Personal Effects: Dark Art Review

September 16, 2009

I’ve read many a back cover that claims a book is “gripping,” “pulse-pounding,” and a “fast-paced thrill ride.” PERSONAL EFFECTS by JC Hutchins actually delivers. (ha, you see? I’m capitalizing now like a Real Writer! ^_~ )

The concept alone sold me (partly because I drafted something similar but didn’t have the means to see it through). It’s a book that crosses the boundary between fiction and reality by including pieces of evidence from a murder case. There are phone numbers you can call, birth certificates, and more. I enjoyed translating the braille but most chilling was the piece of artwork. Reading along, I took the paper and did as the the characters did, folded it to match up two symbols…. BAM, message.

I didn’t expect the writing to be anything special, often a concept sells weak writing, but this is some of the best I’ve ever read. My heart raced through the majority of the book — if it wasn’t so damn scary I would have finished it in a night. I was dying to get to the end just so I could read it all over again.

There are some spots that could have had less backstory and I thought I had everything figured out at the beginning–but the line between reality and fiction is even thinner than I realized.

If the characters don’t do it for you then you may find parts overwrought, but I was right there with them every breath. It’s freaking brilliant. Hutchins layers the fear and builds quirky, unique characters… I mean, Lucas the parkour expert? But the traits aren’t just throwaways, they relate to the plot even their affectionate ” ‘dore you” slang is an integral clue.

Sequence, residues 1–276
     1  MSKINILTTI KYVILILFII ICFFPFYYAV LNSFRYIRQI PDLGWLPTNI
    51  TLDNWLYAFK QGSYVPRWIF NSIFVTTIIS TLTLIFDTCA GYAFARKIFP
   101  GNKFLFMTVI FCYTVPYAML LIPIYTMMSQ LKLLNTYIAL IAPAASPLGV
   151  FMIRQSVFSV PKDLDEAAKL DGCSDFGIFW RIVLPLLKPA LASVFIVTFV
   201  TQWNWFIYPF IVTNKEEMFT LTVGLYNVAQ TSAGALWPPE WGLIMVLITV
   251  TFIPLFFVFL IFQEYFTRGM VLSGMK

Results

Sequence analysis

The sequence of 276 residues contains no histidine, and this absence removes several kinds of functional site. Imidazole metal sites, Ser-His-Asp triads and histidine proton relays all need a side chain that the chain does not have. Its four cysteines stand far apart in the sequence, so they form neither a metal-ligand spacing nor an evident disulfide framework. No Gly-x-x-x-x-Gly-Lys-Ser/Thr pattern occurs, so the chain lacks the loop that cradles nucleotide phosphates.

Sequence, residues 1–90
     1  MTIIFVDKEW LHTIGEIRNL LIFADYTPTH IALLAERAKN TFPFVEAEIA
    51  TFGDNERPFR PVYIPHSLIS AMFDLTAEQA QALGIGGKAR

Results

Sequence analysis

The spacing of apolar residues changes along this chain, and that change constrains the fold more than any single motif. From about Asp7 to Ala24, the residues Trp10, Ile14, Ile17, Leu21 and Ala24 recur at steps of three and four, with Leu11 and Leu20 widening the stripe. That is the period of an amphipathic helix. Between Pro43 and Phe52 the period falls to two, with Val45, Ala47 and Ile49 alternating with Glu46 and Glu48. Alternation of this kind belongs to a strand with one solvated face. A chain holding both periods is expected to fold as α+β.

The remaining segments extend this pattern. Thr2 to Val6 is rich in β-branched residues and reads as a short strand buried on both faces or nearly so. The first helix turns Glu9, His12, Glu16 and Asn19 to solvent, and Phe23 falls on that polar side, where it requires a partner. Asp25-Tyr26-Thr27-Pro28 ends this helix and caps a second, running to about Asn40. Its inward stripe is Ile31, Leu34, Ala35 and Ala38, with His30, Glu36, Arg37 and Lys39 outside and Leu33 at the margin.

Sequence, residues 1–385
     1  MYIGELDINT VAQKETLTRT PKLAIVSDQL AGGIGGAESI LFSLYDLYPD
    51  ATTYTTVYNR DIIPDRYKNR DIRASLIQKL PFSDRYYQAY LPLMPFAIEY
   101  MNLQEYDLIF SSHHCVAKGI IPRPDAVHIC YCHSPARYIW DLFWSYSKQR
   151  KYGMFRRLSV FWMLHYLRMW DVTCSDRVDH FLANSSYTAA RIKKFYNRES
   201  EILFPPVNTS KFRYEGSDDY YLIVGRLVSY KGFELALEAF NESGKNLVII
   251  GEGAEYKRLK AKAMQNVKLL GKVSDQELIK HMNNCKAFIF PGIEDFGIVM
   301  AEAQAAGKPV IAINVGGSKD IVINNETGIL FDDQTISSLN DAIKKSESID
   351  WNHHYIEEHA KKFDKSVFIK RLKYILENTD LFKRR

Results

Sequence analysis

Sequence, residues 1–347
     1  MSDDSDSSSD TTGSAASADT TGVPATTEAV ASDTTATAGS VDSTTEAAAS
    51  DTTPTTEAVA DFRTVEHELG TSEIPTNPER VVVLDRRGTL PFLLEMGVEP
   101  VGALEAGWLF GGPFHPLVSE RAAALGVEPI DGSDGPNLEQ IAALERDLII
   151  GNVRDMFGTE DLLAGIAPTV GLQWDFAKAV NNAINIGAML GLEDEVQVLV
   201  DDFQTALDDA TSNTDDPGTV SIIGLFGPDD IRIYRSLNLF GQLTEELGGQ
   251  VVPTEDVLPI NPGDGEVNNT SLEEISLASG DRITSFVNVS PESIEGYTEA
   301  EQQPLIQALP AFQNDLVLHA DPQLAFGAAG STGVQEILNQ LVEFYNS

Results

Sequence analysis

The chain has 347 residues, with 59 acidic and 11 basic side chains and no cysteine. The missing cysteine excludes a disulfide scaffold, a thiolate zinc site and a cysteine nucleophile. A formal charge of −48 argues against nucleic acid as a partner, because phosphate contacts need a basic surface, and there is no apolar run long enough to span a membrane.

I don’t usually like metaphors and similes because they’re often cheesy, ridiculous or overly poetic at the cost of the story but I was drinking up those in PERSONAL EFFECTS. The protagonist describes his hyperactive brother as “pop rocks for the soul” and you get “the sound-scape of the city played kick-drum backbeat to our high, ragged breathing.” The unique specifics he chooses make the story leap off the page.

I also just plain loved the characters. I’m a geek and not just a geek but a weird geek. I often have a hard time finding characters I relate to. Pretty much Jaenelle from THE BLACK JEWELS trilogy by Anne Bishop and Stargirl in STARGIRL by Jerry Spinelli. That’s it. But Zach, Rachel and Lucas had me from square one. I love Zach’s relationship with Rachel, it’s geek romance perfection yet still conflicted enough to stay interesting. Sometimes authors fall back on manufactured conflicts, miscommunication mainly. But the moment Zach and Rachel’s relationship is tested was heart-wrenching because it was so real, they each had very valid reasons for their opposing choices.

In conclusion, I have a new favorite author.